Ronald G. Musto, FAAR 1979
Ron Musto and his wife Eileen Gardiner are medievalists from A to Z: PhDs, writers, editors, and publishers.
A Fellow in Post-Classical Humanistic Studies (1978), Ron focuses on, among other things, the Trecento in Italy, including the history of Rome and Naples. His Apocalypse in Rome: Cola di Rienzo and the Politics of the New Age (California, 2003) won the American Historical Association’s Marraro Prize for best book in Italian studies. Ron has also been researching and writing on the history of medieval Naples since 1985 and is about to finish a comprehensive monograph with Routledge, Writing Southern Italy before the Renaissance: Trecento Historiography of the Mezzogiorno. This Fall Ron will return to the Eternal City for the major annual conference on early modern Rome: he’ll speak on Cola di Rienzo’s painting cycles commissioned for important Roman sites in 1346/47.
After a few years as wandering academics, during which Ron taught at Columbia, NYU, and Duke, and Eileen at UMass Boston, the couple returned to the New York book trade. (Both pre-meds, they had met as undergrads in a chem lab at Fordham in 1965. Banned from further political activity at Fordham after a — nonviolent — campus anti-war protest in 1966, they launched the Fordham Student Coop Bookstore to compete with the campus store. Realizing the power of the book, they never left the trade.)
After a few years in New York commercial publishing, relying on their skill sets and taking a cue from the lack of English translations of Medieval and Renaissance books, as well as of modern Italian fiction, Ron and Eileen founded Italica Press in 1985.
Over the years Italica Press has published hundreds of titles in 17 subject categories including Rome, Naples, poetry, plays, women’s literature and historical travel. There are over 70 authors in A-B alone. Imagine the glory that rests at Z. Among the titles they consider Italica Press’s most beautiful: The Centennial Directory of the American Academy in Rome. Find a copy online and grab it! Apropos of the AAR: Ron also served on the Board of the Society of Fellows in the 1990s as editor of SOF News.
After her groundbreaking and best-selling Visions of Heaven and Hell before Dante (1989), Eileen went on to become one of the best-known experts on Hell. She’s published in collections for Oxford, Cambridge, Routledge and others. Friends and colleagues still report late-night viewing of her appearance in the documentary “Gates of Hell” for the History Channel. Her work for Italica includes Hell-on-Line, an interactive online encyclopedia of the “infernal otherworld,” as described in eight world cultures and includes print books on Ancient Near Eastern, Zoroastrian, Egyptian, Judeo-Christian, Buddhist, Hindu, and Greek and Roman hell.
But their lives and aren’t always medieval. Building on his experience as a conscientious objector during the Vietnam War, in the 1990s Ron took a break from the Middle Ages to respond to the Reagan defense build-up and the Gulf Wars. The result was six volumes on the history of peacemaking in the Catholic tradition: from the Bible up to the 20th century. The Catholic Peace Tradition, the series kick-off, won the best book award from the Catholic Press Association.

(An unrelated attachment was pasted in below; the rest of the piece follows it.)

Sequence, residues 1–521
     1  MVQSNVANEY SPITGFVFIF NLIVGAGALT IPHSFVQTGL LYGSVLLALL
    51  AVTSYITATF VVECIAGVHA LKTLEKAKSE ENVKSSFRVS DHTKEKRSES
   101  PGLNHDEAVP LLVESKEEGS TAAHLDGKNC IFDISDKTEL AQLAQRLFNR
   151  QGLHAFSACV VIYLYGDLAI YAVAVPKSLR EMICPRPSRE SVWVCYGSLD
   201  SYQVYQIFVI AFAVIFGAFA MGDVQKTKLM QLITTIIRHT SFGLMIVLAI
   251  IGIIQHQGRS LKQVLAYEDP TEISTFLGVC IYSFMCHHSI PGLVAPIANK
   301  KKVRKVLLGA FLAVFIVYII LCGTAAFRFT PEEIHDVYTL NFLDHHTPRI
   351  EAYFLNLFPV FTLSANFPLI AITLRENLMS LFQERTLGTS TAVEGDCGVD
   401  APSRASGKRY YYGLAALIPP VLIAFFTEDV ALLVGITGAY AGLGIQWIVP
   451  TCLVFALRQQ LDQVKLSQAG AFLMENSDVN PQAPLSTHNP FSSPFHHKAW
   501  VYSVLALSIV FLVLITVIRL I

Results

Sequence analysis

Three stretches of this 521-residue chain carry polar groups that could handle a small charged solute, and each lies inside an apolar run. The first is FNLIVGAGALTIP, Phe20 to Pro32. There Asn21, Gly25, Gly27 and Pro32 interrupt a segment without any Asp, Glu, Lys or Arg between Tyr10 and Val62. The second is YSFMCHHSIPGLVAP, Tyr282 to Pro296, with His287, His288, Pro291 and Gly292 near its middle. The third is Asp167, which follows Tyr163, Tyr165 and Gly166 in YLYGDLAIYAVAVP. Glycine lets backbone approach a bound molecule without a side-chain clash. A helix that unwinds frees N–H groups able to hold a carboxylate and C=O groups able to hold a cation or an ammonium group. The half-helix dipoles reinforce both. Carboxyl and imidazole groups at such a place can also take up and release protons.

Back at Italica Press the couple were also among the first (in 1986) to harness the power of the new Macintosh computer and of digital publishing. Their Marvels of Rome for the Macintosh was a Hypercard, interactive version of the 12th-century Mirabilia Urbis Romae. Their Aldus and His Dream Book was among the first to use PageMaker (now InDesign), and has an introduction by the founder of Aldus Corporation, Paul Brainerd, about that achievement. That kind of innovative experience led former AAR Director John D’Arms to invite Eileen and Ron to become Directors of Humanities E-Book for the American Council of Learned Societies, a position they shared for about 11 years, publishing thousands of digital scholarly monographs, before moving on to become co-Executive Directors of the Medieval Academy of America and Editors of its journal Speculum. They capped off those experiences in 2015 with their joint book for Cambridge: The Digital Humanities: A Primer for Students and Scholars.
Now again devoting full attention to their own writing and to Italica Press, they continue to publish both with the Press and with about a dozen university and commercial presses.
Ron and Eileen are also tireless travelers and terrific photographers of both architecture and landscapes. They love cooking — especially pasta — on both sides of the Atlantic. Two years ago they published a cookbook exploring one of their favorite places for food shopping while at home in New York. A Year in Union Square: 52 Seasonal Pasta Dishes, is a compendium of recipes invented to incorporate each week’s seasonal specialties. Yum.
And, even with all their trips abroad — taking a cue from Candide — they continue to tend their own prize-winning garden near their apartment on Roosevelt Island in New York City.
What’s Eileen up to these days? A three-volume series of historical novels involving, you guessed it, medieval hell. Hold on to your seats!
And what’s Ron doing? He’s back to contemporary issues. He tells us that a proposal for his 14th book is now going through peer review at a major university press. The working title: The Dissolution of the Universities. Stay linked.